Reports in the Indian media have claimed that a senior Committee in the Indian Parliament has recommended that the Indian Government should ban VPNs.
The Committee in question is the Parliamentary Standing Committee on Home Affairs and they have argued that VPNs are a threat to counter cyber threats and other illegal activities and should therefore be banned completely.
What the Committee thinks
The recommendations were first reported by Medianama but have been widely covered across India, including by the reputable Times of India.
The argument made by the Committee is a simple one and certainly not unique. They claim that VPNs (and the Dark Web) are tools that allow criminals to remain anonymous online. The report also notes that VPNs are able to help criminal internet users bypass cyber security walls.
The Committee then goes on to note the ease with which Indian’s can download VPNs and the wide variety of VPNs that are available before reaching the extreme conclusion that an outright ban on all VPNs is the only solution.
It is something of a leap to go from the simple premise that some VPN users are criminals to demanding an outright ban on VPNs but this Indian committee is not the first political entity to go over the top like this and it certainly won’t be the last.
What the Committee has overlooked
There are a number of fundamental flaws in the thinking of the Indian Parliamentary Standing Committee on Home Affairs.
Firstly, while some criminals may well use VPNs, the overwhelming majority of VPN users are law-abiding citizens who use their VPNs for completely legitimate purposes such as enhancing their online security and staying safe when using public Wi-Fi networks.
Then there is the fact that, as online threats grow, VPNs are an increasingly vital tool to allow Indians to ensure their online security and privacy. The vast majority of online security experts recommend using a VPN for this very reason.
There is also the issue of freedom of speech and freedom of expression. India is a democratic country where these rights are law and a VPN can help people enjoy both. The only countries that have banned VPNs so far are those that restrict these basic rights like Communist China, Russia, and Iran.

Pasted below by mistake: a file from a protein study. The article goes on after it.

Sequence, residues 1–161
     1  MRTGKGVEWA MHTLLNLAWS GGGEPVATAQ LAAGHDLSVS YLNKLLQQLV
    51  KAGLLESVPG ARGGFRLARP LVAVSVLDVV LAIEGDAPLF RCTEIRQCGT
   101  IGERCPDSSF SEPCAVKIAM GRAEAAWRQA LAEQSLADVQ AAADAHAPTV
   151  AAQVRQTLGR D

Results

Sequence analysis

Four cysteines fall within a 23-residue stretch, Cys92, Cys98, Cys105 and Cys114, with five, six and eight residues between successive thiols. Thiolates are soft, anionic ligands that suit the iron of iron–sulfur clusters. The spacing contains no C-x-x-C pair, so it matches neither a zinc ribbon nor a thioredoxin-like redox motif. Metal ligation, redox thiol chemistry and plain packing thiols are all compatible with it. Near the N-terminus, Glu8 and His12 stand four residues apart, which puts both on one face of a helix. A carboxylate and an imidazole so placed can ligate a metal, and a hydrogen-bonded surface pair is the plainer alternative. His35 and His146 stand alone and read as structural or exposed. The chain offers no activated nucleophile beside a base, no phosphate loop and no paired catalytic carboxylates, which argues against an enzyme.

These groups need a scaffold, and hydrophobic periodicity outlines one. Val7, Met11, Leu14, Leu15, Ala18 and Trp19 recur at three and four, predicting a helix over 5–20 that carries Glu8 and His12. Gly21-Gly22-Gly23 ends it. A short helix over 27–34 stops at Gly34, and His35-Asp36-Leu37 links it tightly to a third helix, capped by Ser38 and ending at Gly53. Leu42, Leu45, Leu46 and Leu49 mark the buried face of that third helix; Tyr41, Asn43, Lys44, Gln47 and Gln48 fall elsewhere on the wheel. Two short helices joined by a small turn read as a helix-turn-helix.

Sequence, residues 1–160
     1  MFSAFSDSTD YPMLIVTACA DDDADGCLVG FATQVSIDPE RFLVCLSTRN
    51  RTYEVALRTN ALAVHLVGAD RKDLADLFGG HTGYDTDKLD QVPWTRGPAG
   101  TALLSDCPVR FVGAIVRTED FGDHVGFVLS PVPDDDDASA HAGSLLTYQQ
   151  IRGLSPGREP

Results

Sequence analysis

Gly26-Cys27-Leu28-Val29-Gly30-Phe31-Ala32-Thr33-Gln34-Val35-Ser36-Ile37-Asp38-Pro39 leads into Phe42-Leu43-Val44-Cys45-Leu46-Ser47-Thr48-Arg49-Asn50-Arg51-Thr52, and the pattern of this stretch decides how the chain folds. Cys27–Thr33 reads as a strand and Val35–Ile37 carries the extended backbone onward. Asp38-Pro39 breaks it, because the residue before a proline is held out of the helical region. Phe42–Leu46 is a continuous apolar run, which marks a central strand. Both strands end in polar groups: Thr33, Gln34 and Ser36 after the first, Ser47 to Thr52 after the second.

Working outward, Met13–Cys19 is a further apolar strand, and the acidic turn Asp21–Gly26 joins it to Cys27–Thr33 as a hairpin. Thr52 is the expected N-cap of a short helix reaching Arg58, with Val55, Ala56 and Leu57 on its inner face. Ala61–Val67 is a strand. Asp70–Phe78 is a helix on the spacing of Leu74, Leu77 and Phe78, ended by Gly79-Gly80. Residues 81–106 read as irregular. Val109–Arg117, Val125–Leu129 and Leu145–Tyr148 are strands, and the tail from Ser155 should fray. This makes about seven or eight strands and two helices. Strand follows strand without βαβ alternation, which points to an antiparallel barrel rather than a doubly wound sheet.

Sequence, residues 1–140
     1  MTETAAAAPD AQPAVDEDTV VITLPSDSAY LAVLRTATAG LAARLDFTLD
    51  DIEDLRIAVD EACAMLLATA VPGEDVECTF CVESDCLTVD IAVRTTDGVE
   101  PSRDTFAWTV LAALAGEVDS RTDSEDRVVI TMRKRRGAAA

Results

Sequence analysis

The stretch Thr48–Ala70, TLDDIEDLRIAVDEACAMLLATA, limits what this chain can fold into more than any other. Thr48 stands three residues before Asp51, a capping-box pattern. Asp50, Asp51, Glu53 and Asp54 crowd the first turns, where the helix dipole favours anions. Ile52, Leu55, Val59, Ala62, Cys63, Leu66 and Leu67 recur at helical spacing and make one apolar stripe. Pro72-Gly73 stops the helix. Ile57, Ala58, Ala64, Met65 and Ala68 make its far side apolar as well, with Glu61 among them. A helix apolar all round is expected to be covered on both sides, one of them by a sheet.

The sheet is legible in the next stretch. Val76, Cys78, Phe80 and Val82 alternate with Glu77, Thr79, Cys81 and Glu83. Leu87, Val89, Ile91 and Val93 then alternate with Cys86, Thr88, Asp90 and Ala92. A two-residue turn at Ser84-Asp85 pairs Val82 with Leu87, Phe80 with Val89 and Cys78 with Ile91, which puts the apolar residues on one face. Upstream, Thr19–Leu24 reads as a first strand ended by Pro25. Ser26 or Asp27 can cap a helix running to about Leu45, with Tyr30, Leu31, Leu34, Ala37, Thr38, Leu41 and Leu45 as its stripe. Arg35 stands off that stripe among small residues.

India has recently blocked a number of Chinese websites and apps because of the threat to privacy and security that they pose. It would be an odd U-turn to suddenly choose to follow China down the path of internet restrictions.
The timing would also be strange given that just a few months ago, the Indian Government actually recommended the use of VPNs in order to facilitate remote working capabilities for India’s large IT sector.
An outright ban
The Committee in question has suggested that VPN services should be “permanently blocked” across the country and say that the Ministry of Home Affairs and the Ministry of Electronics and Information Technology should work together to deliver this.
It also adds that the Indian Government should use the help of internet service providers across India to deliver this.
If that wasn’t bad enough, it also suggests that a “coordination mechanism” should be established with international agencies to ensure all VPNs are blocked. It is unclear whether this is intended to block international VPNs in India or a vision of blocking all VPNs worldwide.
The end of the road
Either way, the recommendations seem little more than a pipe dream and have no basis in reality.
Even if the Indian Government were to accept them, which seems unlikely, they only have to look at the experiences of other countries that have tried to block VPNs to see how difficult this task is.
Even the Chinese Communist Party, with its seemingly bottomless resources and state-of-the-art internet controls, has found it impossible to stop any VPN that wants to work inside China from being able to do so.
The Indian government is certainly not in a position to go toe-to-toe with China on internet restrictions nor has it shown any inclination to do so.
Parliamentary Committees make recommendations that go nowhere all the time and this is likely to be another example.
But it is concerning that a Committee in a vibrant democracy like India would even consider such a move and should reaffirm to everyone just how vital online freedoms are and the important role that VPNs play in protecting them.